Brittany (Sporting Group)

Brittany (Sporting Group)

If you are looking for a dog breed that has the personality of a curious child, always on the lookout for fun, loves to run, hunt, scout and play – while at the same time is sensitive to your commands and makes an excellent watchdog – then the Brittany is the perfect dog for you.

Independent by nature, the Brittany dog makes an excellent house pet and absolutely loves children. Their energy levels are extremely high so these dogs are quite suited for individuals with an active lifestyle.

A Brief History Of The Brittany

It was sometime during the mid 1800’s when French sportsmen made a cross between their local small land spaniels with that of English Setters. The goal was to create a dog that was best suited to their needs. Several of the offspring were born tailless and down the line their descendants were also tailless (many of them stub-tailed).

The offspring also became dogs that had amazing scent ability, which made them excellent woodcock hunters. These canines quickly became popular with the French gentry as well as the local poachers. Poachers loved them because were intensely obedient to the hunter and could point and retrieve like no other breed at the time.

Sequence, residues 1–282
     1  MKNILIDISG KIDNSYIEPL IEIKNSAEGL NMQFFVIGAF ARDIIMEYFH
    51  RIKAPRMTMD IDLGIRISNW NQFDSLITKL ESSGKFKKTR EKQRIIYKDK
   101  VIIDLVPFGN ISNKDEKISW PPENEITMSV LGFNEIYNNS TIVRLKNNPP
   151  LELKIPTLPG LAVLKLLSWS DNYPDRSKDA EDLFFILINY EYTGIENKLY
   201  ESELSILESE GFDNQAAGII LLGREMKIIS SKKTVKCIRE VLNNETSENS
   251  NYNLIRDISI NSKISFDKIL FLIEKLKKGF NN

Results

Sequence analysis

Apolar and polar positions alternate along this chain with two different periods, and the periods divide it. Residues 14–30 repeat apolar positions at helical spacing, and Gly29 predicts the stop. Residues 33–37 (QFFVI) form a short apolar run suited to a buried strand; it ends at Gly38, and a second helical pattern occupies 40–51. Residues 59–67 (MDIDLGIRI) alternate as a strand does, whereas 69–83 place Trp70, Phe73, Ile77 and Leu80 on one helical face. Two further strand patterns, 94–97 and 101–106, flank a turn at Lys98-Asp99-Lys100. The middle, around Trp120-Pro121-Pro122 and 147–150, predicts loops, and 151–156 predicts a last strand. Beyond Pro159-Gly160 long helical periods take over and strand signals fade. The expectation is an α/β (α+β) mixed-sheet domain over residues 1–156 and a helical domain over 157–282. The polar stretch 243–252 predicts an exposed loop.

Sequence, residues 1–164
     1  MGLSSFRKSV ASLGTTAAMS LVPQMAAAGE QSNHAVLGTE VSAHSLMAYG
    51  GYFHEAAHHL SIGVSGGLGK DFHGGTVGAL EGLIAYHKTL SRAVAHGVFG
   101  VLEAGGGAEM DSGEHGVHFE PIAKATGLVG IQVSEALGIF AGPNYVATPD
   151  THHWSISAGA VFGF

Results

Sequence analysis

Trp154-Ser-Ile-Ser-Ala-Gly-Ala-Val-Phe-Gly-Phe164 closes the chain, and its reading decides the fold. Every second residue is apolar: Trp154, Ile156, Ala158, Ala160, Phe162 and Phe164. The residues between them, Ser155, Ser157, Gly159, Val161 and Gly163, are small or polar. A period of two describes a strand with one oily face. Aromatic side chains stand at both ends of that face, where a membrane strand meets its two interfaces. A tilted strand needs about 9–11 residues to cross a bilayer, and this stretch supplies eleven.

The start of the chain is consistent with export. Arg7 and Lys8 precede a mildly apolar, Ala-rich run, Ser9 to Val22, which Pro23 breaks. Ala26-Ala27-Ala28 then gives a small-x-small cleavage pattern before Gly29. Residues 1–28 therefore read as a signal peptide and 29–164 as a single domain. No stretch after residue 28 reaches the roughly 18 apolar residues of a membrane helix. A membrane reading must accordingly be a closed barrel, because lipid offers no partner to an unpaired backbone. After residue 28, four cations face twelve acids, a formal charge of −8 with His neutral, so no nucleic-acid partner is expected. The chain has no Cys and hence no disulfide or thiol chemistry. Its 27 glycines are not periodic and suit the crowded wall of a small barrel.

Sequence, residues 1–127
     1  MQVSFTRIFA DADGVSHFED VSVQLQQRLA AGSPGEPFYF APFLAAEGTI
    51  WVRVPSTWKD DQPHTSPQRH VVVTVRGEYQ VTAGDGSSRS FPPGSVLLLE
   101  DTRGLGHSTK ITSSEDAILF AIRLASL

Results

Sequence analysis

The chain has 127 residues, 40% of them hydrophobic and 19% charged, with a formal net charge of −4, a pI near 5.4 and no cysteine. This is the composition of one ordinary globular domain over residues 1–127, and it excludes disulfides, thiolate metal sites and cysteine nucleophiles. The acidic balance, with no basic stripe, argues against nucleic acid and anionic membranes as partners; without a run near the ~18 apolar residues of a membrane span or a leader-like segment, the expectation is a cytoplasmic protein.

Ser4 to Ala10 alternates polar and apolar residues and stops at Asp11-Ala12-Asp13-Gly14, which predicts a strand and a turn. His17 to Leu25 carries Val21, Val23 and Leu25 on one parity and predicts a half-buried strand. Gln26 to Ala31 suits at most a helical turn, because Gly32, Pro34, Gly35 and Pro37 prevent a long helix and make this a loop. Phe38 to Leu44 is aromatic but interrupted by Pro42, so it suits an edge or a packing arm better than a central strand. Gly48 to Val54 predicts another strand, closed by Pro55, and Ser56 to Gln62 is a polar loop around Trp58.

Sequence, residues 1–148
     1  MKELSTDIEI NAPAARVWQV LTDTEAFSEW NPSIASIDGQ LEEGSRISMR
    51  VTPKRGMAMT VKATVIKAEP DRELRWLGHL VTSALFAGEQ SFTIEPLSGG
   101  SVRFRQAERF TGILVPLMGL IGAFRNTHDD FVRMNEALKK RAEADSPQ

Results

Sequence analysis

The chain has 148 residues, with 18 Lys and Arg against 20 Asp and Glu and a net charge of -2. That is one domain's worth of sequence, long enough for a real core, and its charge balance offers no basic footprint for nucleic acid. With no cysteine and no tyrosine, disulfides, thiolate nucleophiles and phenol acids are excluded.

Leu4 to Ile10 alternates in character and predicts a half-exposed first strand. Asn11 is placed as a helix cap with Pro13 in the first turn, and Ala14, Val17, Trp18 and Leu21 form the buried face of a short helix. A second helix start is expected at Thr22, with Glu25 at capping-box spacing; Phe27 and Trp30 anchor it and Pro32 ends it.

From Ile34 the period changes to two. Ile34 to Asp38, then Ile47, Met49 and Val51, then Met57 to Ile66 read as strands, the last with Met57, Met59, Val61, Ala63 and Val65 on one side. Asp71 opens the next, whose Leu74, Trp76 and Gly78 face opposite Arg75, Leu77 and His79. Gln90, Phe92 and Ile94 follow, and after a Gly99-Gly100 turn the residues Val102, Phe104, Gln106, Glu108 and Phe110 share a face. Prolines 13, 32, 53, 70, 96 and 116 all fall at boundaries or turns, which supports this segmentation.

It was the year 1907 when the very first Brittany was registered in France. In 1925, the breed then made its way to the United States. It took some time for them to become accepted, for various reasons, one of which because hunters expected a hunting dog to have a long tail. But when given the chance to prove themselves, the Brittany dogs quickly won the hearts of all hunters and dog enthusiasts alike.

Upkeep Requirements For The Brittany

The wonderful thing about owning a Brittany dog is that the animal takes very little maintenance. However, exercise is heavily required to keep your Brittany happy and healthy. As mentioned in the beginning of this breed profile, this canine needs a lot of daily exercise. Without it, they become frustrated and may take that frustration out by digging and scratching, causing destruction around the house or yard.

For this reason alone it is clear that the Brittany is not suited for small apartment living. Instead, they need to have plenty of open space to run and explore. These dogs can also live outdoors so long as the weather is not extreme. However, Brittany dogs are overly social so living inside with the family is preferred.

Health Concerns For the Brittany

The only major health issue that your Brittany dog may face is CHD. Minor issues include hypothyroidism and epilepsy. Veterinarians suggest that all Brittany dogs get tested for hip and thyroid problems. The life span for this breed is in area of twelve to thirteen years – so long as adequate health and care is given to the Brittany.

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